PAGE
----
The album’s second single, the catchy “Some Beach”, written by Paul Overstreet and Rory Lee Feek, returned Blake to the #1 spot and also became the first gold-selling single of his career. It was followed by an excellent cover version of Conway Twitty’s 1988 hit, “Goodbye Time.” Blake’s version didn’t chart quite as high, peaking at #10. I prefer the Conway Twitty version but Blake’s rendition is my favorite song on this album. Both artists knock the Roger Murrah & James Dean Hicks tune out of the park and both versions deserved to be monster hits. A bit of trivia: the song was originally pitched to Reba McEntire, who turned it down because she was going through her divorce at the time and the lyrics apparently hit a little too close to home. The album’s fourth and final single, “Nobody But Me” was a substantial hit, reaching #4.

The album cuts in this collection are unusually strong and most of them had hit single potential. Two of them had been previously recorded; the uptempo “Cotton Pickin’ Time” (another Paul Overstreet co-write) had been released by The Marcy Brothers in 1989 and “What’s On My Mind” had appeared on a 2001 Gary Allan album. To my knowledge, “Good Old Boy, Bad Old Boyfriend”, which was written by Shelton’s producer and mentor Bobby Braddock had not been recorded before but it sounds very much like something Waylon Jennings might have done during his heyday. But perhaps the most interesting track is the Harley Allen tune “The Bartender”, in which Blake observes a tavern’s patrons and listens to their problems from across the bar.

There aren’t any weak tracks in this collection; they are well written and performed and without the production excesses that are the hallmark of most of today’s chart hits. Blake Shelton’s Barn & Grill serves as a model that demonstrates how much better the artist’s material — and indeed, country music in general — was, just slightly less than a decade ago. The album is easy to find and is worth seeking out.

Grade: A-

Album Review: Blake Shelton – ‘The Dreamer’

Blake’s second album, produced as before by Bobby Braddock and released in 2003, featured a state of the art commercial country sound which mirrored the state of country music of the period.

One of my favorite ever Blake Shelton recordings is his second #1 hit, which was the lead single from this album. ‘The Baby’, penned by Harley Allen and Michael White, is a story song with a tear-jerking emotional payoff. It is the frank confession of a spoilt youngest son, whose doting mother excuses all his failings, “because I was her baby”. He ends up missing his mother’s deathbed, even though she has been calling for her favorite:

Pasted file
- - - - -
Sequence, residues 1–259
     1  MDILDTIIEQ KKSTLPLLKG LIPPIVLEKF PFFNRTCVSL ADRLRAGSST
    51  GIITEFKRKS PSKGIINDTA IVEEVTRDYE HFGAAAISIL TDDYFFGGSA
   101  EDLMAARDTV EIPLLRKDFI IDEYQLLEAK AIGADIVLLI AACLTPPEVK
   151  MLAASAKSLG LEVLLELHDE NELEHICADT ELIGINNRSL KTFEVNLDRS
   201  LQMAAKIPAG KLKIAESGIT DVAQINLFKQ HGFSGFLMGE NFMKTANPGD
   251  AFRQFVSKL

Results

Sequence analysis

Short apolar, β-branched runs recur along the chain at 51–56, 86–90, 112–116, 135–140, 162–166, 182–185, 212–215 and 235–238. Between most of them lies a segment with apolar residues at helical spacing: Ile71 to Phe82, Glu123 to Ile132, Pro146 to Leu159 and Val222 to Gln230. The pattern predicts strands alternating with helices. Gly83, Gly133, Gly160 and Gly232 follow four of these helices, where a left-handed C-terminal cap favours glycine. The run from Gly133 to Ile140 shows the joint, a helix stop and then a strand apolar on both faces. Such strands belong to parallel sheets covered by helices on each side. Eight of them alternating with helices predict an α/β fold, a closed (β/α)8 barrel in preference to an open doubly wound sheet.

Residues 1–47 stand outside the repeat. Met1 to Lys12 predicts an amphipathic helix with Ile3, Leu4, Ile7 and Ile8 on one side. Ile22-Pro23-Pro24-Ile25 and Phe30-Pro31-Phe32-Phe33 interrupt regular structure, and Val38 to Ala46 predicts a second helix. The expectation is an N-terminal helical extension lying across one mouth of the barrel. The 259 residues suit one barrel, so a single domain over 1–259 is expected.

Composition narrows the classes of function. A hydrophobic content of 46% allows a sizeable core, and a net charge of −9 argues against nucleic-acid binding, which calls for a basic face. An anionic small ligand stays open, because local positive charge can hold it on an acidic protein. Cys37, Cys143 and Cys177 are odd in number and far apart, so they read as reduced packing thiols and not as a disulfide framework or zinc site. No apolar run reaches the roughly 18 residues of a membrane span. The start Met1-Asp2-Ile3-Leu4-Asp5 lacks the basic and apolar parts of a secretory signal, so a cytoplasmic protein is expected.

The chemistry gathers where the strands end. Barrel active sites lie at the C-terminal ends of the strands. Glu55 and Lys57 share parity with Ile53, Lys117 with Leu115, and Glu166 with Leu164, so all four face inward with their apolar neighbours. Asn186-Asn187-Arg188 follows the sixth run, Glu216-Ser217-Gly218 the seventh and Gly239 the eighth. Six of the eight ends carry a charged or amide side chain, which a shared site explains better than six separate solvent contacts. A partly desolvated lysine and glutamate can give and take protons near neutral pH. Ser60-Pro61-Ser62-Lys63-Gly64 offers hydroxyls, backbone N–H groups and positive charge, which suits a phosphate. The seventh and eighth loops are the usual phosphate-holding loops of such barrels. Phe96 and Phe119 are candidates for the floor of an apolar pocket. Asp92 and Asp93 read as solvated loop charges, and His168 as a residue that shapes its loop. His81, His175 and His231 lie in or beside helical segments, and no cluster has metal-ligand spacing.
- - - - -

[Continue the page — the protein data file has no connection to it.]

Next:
She looked like she was sleepin’
And my family had been weepin’
By the time that I got to her side
And I knew that she’d been taken
And my heart it was breaking
I never got to say goodbye
I softly kissed that lady
And cried just like a baby

The ill-chosen second single ‘Heavy Liftin’’ is a not very interesting song in itself but its main flaw is the production. There is just too much going on in the arrangement with banjos fighting against the blaring electric guitars – it ends up sounding as it would if two separate tracks were recorded, they couldn’t decide which to go with and stuck them together. It didn’t make into the top 30, but would probably do rather better if released to today’s radio.

Much better is memorably quirky top 30 single ‘Playboys Of The Southwestern World’, written by Neal Coty and Randy Van Warmer. It tells the amusing story of two wild boys who get themselves into trouble, ending up in jail in Mexico.

There is a great cover of Johnny Paycheck’s 1978 hit ‘Georgia In A Jug’, written by Blake’s producer Braddock. A jilted fiancé drinks away the money he had saved up for the exotic honeymoon:

I’m going down to Mexico in a glass of tequila
Going down to Puerto Rico in a bottle of rum
Goin’ out to Honolulu in a mai tai mug
Then I’m coming back home to Georgia in a jug

The arrangement copies the original fairly closely (with some delicious added fiddle), but that’s no bad thing, and the result is entertaining.

Braddock also wrote ‘Someday’, which questions what may happen beyond death. Delivered dramatically with a gospel choir, it is quite effective. The idiosyncratic ‘In My Heaven’ was written by Rivers Rutherford and Bobby Pinson and offers a picture of a perfect world from their point of view. The message is a bit mixed – on the one hand “we hurt no one”, on the other they’re feeding lawyers to the lions; and there’s a strong emphasis on having fun and playing sports missed in with the idealistic inclusiveness.